St Paul, MN: This isn’t shocking news to us, but it looks like the big banks, Wells Fargo and Bank of America, top the list of consumer complaints – especially for mortgages.
Read the story from the Washington Business Journal at http://tinyurl.com/ljs3csh
You can avoid a lot of the problems if you understand who you are working with. Always work with an experienced, professional loan officer. The largest financial transaction of your life is far too important to place into the hands of someone who just quotes rates, but is not capable of advising you properly and troubleshooting the issues that may arise along the way. But how can you tell?
80% of Loan Officers are NOT Licensed
CHECK YOUR LOAN OFFICER OUT on the Nationwide Mortgage Licensing System and Registry
Bank Loan Officers (Registered) versus SAFE ACT (Licensed) Loan Officers?
There is a BIG difference YOU need to understand
Washington has been busy protecting consumers from bad lenders right? Wrong! They have only done half the job, and sadly, the general perception by the public as to who is the better lender choice is completely wrong. Most people feel the brokers and the non-bank mortgage lenders have created all the problems. This isn’t true. Just the opposite. Consider the fact that Fannie Mae, Freddie Mac, and banks make the rules, and the banks review, underwrite, and fund the loans for brokers.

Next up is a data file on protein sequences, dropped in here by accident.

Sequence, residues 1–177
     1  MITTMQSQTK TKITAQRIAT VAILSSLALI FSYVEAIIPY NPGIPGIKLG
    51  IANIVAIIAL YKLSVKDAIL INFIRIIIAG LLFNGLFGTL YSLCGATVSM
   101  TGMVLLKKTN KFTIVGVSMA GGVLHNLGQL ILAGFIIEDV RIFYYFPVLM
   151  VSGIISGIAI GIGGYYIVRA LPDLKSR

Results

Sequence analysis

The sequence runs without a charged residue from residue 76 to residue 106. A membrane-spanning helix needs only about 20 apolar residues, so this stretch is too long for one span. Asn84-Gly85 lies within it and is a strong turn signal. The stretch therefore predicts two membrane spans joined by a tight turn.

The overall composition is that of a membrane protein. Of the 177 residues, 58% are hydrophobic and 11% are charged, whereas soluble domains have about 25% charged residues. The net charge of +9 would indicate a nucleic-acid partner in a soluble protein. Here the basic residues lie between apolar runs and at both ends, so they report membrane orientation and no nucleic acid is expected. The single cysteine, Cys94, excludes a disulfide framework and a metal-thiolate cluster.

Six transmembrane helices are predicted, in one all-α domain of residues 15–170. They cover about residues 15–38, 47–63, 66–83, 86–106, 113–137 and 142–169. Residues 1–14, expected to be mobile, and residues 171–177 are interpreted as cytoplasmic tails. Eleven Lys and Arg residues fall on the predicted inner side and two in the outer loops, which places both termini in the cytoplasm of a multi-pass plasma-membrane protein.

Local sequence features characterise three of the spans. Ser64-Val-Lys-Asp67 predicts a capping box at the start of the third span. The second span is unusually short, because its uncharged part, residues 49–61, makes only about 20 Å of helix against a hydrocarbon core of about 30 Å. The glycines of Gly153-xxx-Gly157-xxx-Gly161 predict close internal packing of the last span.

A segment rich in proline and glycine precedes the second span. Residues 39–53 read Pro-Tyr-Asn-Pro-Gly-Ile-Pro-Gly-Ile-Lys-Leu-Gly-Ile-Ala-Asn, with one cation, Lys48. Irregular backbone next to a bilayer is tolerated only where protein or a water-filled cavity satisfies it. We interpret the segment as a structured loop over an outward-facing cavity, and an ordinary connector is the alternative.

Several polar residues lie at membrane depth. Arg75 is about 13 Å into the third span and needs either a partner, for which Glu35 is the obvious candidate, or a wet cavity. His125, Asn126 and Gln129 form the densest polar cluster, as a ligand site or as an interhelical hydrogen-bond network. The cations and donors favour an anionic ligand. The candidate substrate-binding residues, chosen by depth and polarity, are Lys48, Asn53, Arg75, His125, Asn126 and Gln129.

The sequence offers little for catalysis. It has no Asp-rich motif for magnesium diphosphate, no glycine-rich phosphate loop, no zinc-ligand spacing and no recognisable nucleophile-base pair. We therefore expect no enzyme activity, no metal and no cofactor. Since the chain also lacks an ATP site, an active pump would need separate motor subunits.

Recent changes to the lending industry requires all loan officers to have a tracking number, known as an NMLS number (Nationwide Mortgage Licensing System and Registry). It should be displayed on their business cards, E-Mail, web sites, all correspondence, and most loan documents. The display of the NMLS number may incorrectly make consumers believe the Loan Officer is licensed. Only 20% of Loan Officers are licensed. The rest are simply registered. Working with an unlicensed, untrained Loan Officer is not in a consumers best interest.
Simply put, Loan Officers at Banks, Credit Unions, or Mortgage Companies owned by a bank are NOT REQUIRED to be licensed, take classes, take continuing education, or pass any state or federally mandated tests to be a Loan Officer!
It is hard to determine if the Loan Officer is simply registered, versus licensed. When looking up a loan officer, you have to go to the bottom of their NMLS identification page and look under State Licenses/Registrations or Federal Registration heading.
- A LICENSED Loan Officer will say “State Licenses/Registrations” and will have one or more STATES listed with all their state licensing information listed.
- An UNLICENSED, but simply REGISTERED Loan Officer will say “Federal Registration” and the something like “Federal Mortgage Loan Originator”.
Now I am not trying to make this into a David versus Goliath story, but I am trying to emphasize the huge differences between Loan Officer training and education. Look at it a different way. If you are sick and go to the Doctors office. Do you want to be treated by the receptionist, or the Doctor?